I posted a copy (requested thru FOIA) of the OCR letter and settlement agreement with Saint Edward Elementary in Brockton (Brockton Public Schools).

It can be found here: [url="http://uumor.pair.com/nutalle2/peanutallergy/Forum7/HTML/002164.html"]http://uumor.pair.com/nutalle2/peanutallergy/Forum7/HTML/002164.html[/url]

There is also the La Petite Academy case where PA children were excluded from the school because the school refused to administer epipen. The lawsuit was settled and the school agreed to administer epipen. That case can also be found in the above link.

An unsuccessful bid to use the ADA is in Land v. Baptist Medical Center (concerning a child care facility).

Cathy

[This message has been edited by Momcat (edited July 12, 2006).]

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By Gail W on Thu, 07-13-06, 00:22

I started to post about Land being more recent, and then saw you came back and already did. LOL.

I forgot about the Catholic school in Brockton. That's right. But that was on the merits of [i]both [/i]ADA and Section 504, no?

And La Petite is a daycare facility, which has a different application than elementary education, right?

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By Momcat on Thu, 07-13-06, 00:44

Yes, you're right. It was BOTH. I guess since OCR took care of it, they considered it a 504 issue.

I'm trying to think of a school issue where ADA would apply, but 504 would not. I guess that would have to be a private, non-parochial school which did not receive gov't funds? I think the ADA has also been used successfully for camps (they are considered childcare facilities).

Cathy

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By MommaBear on Thu, 07-13-06, 01:19

Quote:Originally posted by gvmom:
[b]BTW, the fact that you attribute Shoshana18's post to yourself is very telling isn't it? She didn't even mention your name.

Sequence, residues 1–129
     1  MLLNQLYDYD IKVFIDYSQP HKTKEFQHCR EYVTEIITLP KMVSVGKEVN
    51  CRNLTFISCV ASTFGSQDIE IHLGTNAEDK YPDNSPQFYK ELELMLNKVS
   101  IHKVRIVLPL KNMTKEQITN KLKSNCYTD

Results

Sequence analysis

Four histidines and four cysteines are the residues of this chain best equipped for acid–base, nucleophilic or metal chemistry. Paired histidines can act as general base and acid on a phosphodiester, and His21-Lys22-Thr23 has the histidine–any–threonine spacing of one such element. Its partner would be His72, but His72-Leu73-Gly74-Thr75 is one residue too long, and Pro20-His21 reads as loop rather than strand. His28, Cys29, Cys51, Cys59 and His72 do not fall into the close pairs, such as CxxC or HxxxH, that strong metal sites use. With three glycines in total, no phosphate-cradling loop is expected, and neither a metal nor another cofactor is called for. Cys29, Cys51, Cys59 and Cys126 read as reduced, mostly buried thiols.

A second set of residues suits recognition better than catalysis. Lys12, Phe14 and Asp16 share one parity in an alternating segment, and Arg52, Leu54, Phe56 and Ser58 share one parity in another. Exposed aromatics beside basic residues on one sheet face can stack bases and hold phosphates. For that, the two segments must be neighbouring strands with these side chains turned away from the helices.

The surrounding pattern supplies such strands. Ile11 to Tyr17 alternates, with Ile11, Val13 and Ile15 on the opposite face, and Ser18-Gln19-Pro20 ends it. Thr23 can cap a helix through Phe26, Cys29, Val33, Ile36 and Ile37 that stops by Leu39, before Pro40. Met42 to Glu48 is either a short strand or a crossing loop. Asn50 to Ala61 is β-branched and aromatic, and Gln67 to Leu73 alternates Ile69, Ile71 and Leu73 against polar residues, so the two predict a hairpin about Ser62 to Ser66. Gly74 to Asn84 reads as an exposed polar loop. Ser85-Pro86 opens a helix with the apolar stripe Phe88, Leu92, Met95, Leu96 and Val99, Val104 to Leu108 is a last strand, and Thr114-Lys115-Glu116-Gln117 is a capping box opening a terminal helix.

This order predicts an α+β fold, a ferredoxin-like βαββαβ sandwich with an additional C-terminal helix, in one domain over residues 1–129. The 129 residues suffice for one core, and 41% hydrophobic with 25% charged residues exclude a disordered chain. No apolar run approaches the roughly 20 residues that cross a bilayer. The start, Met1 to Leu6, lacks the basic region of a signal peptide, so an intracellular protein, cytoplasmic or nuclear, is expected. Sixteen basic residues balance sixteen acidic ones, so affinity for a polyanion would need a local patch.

[/b]

Hey, who was you're first pick? [img]http://uumor.pair.com/nutalle2/peanutallergy/tongue.gif[/img] I mean, you commented. Or is it just my sixth sense kicking in again? So based on who you picked, and given my sixth sense, AND [i]your post after reraising[/i], AND the posters who had posted most recently prior to that, it's not rocket science.

I mean, are we discussing my reading comprehension skills again? [img]http://uumor.pair.com/nutalle2/peanutallergy/tongue.gif[/img] [img]http://uumor.pair.com/nutalle2/peanutallergy/tongue.gif[/img]

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By MommaBear on Thu, 07-13-06, 01:22

Quote:Originally posted by gvmom:
[b]Funny, I looked in to see what was added, and went huh? Did I miss something? Then went back a bit -- gotcha. No, I think you were clear too. Don't let the twisting keep you from posting. For the most part, the BS is entertaining, but transparent. [/b]

I mean, gvmom, I know you don't think I'm the brightest bulb, but give me a break----[i]even I understand *this*, considering at what point it was posted.[/i]

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By gvmom on Thu, 07-13-06, 02:04

[b]Hey, who was you're first pick? I mean, you commented. Or is it just my sixth sense kicking in again? So based on who you picked, and given my sixth sense, AND your post after reraising, AND the posters who had posted most recently prior to that, it's not rocket science.

I mean, are we discussing my reading comprehension skills again? [/b]

________________________________________

[b]I mean, gvmom, I know you don't think I'm the brightest bulb, but give me a break----even I understand *this*, considering at what point it was posted.[/b]

Do either of these comments have to do with the 504 and whether a child can be put into 'special ed' if deemed disabled, though not in need of those services? No. You want to start something with me, take it to 'Off Topic'. I am done in this thread.

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By qdebbie1 on Thu, 07-13-06, 03:28

Quote:Originally posted by Gail W:
[b]... a disservice to YOU, YOUR SCHOOL, and, above all else, YOUR CHILD.

Having just been through the process of obtaining a Section 504 Designation for my 5th grade daughter, I have developed very strong opinions about why this designation is vital for my child. In retrospect, I wish I had requested this protection for my child before she started kindergarten. And I have learned that having NOT requested the Designation upfront created a different set of problems that I had to inevitably address.

I hope this thread will address the fears of parents who are considering whether or not to go the "504 path". I hope that parents will share their experiences in order to help other parents who are wrestling with whether or not to pursue a Section 504 Designation for their child... or those parents who are beginning the 504 Designation process... to help them better understand that a 504 designation might not be easy, but it is not to be feared.